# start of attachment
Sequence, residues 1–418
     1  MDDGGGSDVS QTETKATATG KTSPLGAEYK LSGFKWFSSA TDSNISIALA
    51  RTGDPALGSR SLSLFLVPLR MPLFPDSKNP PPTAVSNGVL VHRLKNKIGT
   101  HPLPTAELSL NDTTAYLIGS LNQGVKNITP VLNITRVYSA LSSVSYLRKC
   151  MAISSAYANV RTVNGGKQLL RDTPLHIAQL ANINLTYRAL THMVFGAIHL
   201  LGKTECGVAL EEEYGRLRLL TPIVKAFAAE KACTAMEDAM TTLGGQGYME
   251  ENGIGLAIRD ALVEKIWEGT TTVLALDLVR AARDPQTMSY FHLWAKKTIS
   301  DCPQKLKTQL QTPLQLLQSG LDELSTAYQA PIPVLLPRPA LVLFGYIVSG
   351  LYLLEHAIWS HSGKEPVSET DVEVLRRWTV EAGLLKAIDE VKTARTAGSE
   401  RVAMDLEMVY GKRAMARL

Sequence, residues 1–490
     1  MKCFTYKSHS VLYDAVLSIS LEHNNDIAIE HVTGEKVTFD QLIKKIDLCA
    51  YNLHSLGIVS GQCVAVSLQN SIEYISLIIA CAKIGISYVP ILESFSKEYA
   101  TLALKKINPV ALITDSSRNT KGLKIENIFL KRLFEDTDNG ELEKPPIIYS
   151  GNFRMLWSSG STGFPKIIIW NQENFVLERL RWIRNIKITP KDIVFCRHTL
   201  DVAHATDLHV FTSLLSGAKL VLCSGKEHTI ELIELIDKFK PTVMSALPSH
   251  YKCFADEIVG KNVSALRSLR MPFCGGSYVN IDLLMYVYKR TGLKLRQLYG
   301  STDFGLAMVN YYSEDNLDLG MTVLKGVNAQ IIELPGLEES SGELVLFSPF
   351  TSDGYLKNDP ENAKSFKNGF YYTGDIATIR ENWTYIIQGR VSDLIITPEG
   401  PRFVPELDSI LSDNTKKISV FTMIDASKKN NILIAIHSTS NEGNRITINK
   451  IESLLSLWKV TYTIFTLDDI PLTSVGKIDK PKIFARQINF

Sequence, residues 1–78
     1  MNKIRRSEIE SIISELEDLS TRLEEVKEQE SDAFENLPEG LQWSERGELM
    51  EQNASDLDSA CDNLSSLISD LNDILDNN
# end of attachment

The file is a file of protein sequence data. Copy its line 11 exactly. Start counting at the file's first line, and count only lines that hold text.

Sequence, residues 1–490